Everything available here is donated, about half from local bakeries and grocery stores, and the other half comes from food drives and community donations, said Egan.  Every morning, the food bank sends out a truck to each of their donor businesses, and a few small farms, and picks up a load for the week.

While staples like milk and eggs are always present, the selection of what is available is constantly changing, depending on what is donated by individuals, so clients here are just as likely to get organic plantains as they are generic canned food.  It is always a surprising experience for both regulars and first timers who come with a certain expectation of what they are going to receive.

“Some of it’s probably not food I would pick up,” said Rosa.  Although, she said, what she receives is enough to meet her needs.

Just as there are people from greatly different backgrounds coming receive help with food, the reasons for this are equally varied, although they are mostly tied together with the common thread of economic hardship.

“I own some stock,” said an older man pushing a wheeled suitcase who wishes to remain unidentified, but, “the interest on my money is zero.”  While his investments used to be enough to cover him in retirement, he said, he is now living with one other person in a garage without heat or running water.

Not everyone here today is under such difficult circumstances however, even some who might seem relatively well-off are experiencing difficulty with food costs.  Many students  have a hard time working while taking classes and utilize the service provided by the food bank.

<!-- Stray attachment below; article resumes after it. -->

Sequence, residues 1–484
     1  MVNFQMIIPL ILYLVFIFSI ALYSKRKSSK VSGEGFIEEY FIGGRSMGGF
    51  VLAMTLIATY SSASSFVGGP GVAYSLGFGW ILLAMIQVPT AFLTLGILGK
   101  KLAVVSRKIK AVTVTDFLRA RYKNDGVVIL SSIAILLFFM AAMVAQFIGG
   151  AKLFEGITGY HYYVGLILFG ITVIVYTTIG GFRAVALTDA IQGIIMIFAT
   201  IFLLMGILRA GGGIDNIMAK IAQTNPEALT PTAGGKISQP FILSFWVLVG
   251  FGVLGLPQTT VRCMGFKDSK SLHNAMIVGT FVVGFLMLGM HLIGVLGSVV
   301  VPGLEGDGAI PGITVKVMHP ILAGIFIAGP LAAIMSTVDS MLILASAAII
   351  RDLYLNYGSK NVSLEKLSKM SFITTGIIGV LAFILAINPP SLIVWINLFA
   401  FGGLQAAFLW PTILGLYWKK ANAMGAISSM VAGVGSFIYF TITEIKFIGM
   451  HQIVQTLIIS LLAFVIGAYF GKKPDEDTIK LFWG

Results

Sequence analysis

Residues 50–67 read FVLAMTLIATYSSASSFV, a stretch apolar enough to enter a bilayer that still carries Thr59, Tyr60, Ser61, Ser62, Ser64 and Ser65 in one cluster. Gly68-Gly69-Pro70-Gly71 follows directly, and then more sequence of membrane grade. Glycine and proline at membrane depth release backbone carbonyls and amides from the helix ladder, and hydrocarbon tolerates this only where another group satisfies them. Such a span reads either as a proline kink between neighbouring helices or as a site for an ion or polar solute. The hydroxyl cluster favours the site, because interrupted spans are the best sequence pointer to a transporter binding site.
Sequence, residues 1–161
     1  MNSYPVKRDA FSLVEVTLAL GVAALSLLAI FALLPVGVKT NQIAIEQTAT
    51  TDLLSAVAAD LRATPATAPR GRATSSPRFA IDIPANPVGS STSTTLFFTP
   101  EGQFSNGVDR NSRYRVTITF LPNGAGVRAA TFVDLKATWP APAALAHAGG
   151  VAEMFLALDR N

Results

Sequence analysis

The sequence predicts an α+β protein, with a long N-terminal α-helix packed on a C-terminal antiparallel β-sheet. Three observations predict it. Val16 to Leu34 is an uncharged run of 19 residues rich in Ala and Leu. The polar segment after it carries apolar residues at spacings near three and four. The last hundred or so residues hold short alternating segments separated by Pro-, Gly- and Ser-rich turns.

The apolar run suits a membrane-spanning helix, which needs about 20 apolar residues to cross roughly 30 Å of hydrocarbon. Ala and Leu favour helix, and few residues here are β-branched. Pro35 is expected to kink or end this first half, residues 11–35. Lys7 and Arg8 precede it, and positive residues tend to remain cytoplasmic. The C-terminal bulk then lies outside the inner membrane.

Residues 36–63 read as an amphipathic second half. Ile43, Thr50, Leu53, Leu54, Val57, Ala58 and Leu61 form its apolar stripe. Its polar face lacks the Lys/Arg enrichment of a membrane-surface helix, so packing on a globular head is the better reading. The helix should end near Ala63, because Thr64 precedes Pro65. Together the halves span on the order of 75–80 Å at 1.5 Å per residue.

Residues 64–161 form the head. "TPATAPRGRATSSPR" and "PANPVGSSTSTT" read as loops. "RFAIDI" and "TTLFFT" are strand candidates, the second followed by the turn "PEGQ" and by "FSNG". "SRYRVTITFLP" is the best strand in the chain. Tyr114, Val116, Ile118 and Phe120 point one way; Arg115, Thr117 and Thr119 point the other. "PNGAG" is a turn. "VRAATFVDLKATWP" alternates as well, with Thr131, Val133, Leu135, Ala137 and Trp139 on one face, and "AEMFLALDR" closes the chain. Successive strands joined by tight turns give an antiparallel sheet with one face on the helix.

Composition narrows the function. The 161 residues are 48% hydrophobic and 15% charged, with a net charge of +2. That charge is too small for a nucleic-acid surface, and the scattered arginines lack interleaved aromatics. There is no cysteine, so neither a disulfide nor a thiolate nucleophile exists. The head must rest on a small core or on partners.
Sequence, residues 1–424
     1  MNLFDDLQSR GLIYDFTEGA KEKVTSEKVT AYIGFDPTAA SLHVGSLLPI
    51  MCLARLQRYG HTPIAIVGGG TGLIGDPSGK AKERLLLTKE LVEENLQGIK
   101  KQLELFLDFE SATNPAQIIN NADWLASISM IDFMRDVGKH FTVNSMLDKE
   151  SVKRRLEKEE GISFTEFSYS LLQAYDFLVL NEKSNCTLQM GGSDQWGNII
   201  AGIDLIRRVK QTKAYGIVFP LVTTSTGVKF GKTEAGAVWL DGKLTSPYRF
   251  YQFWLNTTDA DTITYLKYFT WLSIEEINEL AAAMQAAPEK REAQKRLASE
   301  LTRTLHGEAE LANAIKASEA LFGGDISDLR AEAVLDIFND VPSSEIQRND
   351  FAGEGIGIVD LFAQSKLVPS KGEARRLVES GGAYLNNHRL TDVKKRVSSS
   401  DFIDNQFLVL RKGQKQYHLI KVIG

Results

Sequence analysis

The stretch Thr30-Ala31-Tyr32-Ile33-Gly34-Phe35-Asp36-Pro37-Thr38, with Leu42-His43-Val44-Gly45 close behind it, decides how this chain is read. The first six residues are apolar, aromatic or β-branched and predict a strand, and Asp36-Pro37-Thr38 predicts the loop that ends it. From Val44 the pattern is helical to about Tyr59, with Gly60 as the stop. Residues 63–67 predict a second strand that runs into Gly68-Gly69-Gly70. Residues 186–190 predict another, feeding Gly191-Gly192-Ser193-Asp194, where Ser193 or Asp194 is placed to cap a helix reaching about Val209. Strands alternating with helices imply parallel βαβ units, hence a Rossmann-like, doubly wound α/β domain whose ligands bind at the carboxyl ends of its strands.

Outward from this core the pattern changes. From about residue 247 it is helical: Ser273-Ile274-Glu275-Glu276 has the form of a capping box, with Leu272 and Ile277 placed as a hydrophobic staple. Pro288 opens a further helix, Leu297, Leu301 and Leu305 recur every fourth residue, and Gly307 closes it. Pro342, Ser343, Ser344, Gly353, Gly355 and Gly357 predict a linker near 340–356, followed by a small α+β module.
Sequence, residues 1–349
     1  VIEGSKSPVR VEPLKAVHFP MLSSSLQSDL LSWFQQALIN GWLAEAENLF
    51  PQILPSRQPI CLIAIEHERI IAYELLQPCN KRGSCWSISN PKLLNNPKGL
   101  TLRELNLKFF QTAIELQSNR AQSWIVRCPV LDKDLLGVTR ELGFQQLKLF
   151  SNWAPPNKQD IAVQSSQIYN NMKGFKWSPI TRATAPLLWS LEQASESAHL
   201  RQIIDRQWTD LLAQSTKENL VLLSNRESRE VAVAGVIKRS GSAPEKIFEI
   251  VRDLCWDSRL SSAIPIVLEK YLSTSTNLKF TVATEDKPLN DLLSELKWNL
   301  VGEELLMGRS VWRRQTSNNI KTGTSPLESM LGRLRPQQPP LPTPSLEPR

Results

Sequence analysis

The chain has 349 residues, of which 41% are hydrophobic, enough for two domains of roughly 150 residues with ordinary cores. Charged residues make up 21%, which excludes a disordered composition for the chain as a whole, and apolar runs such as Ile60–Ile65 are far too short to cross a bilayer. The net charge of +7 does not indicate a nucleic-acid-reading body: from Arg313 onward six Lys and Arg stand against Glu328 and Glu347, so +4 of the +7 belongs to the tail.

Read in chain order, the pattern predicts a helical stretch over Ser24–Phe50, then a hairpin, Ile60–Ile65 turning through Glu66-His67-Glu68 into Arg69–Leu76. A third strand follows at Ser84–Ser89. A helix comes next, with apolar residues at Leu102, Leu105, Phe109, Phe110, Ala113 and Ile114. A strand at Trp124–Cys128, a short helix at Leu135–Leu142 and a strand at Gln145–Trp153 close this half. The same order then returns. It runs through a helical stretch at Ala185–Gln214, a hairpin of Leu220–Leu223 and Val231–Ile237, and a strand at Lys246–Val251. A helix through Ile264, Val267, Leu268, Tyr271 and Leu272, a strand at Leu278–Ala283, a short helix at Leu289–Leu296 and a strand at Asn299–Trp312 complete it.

A big part of the recent increase in clientele is composed of young people, said Sylvia Gralewski, a food bank volunteer for over 10 years, and many of them are regulars.

“For me it’s based off how many hours I get each week,” said Jon, a student at Western Washington University.  While it is important to be able to buy food, he said, “I’ve gotta pay bills first.”

  “I just use it when I really need to,” said Kellie Markell, a 29-year-old single mother of two, who is currently attending Bellingham Technical College.  “One of the huge factors is being a student.

Markell, who hopes to transfer to a university after finishing at the technical college, has been coming to this food bank off and on for about five years.  “Hopefully the wage I’ll be earning out of school will be enough to sustain my family,” she said.

Back outside the building, volunteers help the elderly out their cars with their loads, and every so often a para-transit van stops by to unload and pick up people in wheelchairs.  Most who leave give a “thank you” to the volunteers before setting off and it is almost universally returned with “you’re welcome.”

While poverty is generally regarded as an unseen problem, the Bellingham Food Bank, entirely funded by private donations, acts as an example of how a community chooses to accept and alleviate it.